February 17, 2009 in City

Montana Senate favors abolishing death penalty

Matt Gouras Associated Press
 

HELENA – The state Senate is again endorsing a plan to end the death penalty in favor of life in prison with no parole, giving initial support to the plan Monday after two hours of lively debate.

The chamber supported Senate Bill 236 on a 27-23 vote, with a final vote expected Tuesday. It is the second session in a row the Senate has supported an end to the death penalty.

In 2007 it cleared the Senate but failed in the House.

Supporters of the ban said the risk of wrongly killing an innocent person is just too great. They also argued it is more expensive to fight death penalty legal appeals than it is to imprison someone for life, and said it would be better to lock up killers for life without the possibility of parole.

Opponents argue the death penalty is a just and necessary punishment and serves as a deterrent to murder.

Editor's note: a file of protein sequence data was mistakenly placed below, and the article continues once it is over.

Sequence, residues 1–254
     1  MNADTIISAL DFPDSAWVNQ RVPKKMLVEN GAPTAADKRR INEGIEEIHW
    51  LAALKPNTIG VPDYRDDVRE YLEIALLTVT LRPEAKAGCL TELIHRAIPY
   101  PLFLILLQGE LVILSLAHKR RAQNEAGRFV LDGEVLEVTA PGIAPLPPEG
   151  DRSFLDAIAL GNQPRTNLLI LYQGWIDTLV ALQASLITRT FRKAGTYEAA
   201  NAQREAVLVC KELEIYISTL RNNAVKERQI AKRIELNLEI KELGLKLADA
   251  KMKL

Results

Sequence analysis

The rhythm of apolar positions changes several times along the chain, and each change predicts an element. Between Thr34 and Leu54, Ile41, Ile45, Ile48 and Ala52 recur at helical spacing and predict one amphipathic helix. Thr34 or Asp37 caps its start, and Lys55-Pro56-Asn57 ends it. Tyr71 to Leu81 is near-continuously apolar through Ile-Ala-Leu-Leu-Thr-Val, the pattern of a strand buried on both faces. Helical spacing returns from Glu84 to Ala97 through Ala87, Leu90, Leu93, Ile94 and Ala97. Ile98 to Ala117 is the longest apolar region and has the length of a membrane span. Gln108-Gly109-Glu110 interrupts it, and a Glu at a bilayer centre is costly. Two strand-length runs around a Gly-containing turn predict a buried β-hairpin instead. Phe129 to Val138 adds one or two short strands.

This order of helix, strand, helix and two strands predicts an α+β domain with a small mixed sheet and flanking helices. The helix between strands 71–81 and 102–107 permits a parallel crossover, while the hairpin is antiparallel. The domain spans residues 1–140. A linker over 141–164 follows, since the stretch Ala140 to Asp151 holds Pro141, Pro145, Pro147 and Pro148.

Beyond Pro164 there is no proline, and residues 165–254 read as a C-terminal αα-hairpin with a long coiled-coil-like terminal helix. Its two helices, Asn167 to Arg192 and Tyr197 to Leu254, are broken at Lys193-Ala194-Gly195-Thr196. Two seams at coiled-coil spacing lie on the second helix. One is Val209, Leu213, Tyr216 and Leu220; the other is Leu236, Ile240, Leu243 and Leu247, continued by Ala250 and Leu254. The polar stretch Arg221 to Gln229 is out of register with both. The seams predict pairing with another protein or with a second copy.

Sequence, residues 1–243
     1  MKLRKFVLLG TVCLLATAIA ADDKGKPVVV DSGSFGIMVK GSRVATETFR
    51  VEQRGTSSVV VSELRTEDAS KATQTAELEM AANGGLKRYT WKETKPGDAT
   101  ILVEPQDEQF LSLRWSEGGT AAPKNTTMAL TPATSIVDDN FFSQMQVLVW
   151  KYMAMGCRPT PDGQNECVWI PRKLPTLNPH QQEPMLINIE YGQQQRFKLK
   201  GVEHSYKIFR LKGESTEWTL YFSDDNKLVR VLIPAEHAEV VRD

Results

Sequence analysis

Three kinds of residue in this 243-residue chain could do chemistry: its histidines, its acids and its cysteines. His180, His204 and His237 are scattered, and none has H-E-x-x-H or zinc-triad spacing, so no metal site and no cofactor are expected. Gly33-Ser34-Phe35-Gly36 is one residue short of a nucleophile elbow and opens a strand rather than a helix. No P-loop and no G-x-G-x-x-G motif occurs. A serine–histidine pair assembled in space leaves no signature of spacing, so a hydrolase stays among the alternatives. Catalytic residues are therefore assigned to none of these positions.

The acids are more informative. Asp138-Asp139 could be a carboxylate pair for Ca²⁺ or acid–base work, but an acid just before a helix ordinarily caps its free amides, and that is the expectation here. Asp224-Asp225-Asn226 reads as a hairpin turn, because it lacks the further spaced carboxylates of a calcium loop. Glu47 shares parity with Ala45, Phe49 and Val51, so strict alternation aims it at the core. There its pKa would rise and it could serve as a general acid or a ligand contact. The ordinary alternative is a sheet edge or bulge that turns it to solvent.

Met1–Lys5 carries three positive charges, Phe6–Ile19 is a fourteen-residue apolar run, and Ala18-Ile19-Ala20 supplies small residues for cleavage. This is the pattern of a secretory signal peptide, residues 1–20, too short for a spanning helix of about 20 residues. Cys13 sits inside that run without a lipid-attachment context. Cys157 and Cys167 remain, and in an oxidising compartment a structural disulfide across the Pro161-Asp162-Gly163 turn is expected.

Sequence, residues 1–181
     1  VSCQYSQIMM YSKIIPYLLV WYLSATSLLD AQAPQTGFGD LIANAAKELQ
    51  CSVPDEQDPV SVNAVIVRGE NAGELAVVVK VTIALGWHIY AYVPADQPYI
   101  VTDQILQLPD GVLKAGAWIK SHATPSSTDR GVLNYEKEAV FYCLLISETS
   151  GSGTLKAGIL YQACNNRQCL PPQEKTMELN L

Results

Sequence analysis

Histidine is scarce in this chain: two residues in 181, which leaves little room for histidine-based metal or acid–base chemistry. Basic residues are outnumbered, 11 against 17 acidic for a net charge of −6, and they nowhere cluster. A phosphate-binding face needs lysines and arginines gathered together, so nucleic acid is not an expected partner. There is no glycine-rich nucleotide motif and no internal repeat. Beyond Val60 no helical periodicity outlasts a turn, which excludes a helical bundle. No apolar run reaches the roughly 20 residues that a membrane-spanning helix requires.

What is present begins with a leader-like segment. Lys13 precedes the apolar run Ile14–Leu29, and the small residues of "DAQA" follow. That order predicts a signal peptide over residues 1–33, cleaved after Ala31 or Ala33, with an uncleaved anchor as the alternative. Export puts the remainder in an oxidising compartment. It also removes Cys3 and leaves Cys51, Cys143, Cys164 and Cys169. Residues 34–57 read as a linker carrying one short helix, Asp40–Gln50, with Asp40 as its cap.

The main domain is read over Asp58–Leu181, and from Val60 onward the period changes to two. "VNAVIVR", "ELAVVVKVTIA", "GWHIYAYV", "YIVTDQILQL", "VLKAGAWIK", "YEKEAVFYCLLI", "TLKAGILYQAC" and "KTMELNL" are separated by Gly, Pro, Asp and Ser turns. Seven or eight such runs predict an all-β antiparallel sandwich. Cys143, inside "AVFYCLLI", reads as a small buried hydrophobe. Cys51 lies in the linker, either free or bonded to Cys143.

Most Republicans opposed the change, while most Democrats supported it. However, there were a fair number of crossover votes.

Republican Sen. Roy Brown, of Billings, argued his anti-abortion viewpoints in favor of protecting life would be at odds with support of the death penalty. Brown said it took a lot of soul-searching to reach that conclusion.

He said he understands the argument from colleagues – and his wife – that opposing abortion protects innocent life while the death penalty takes the life of a guilty person.

“That is pretty simple, pretty concise and easy to understand – but is it always? Is it always a guilty life?” Brown said. “Yes, mistakes do happen.”

If the measure clears the Senate in the final vote, it will go to a House divided 50-50 between Democrats and Republicans.

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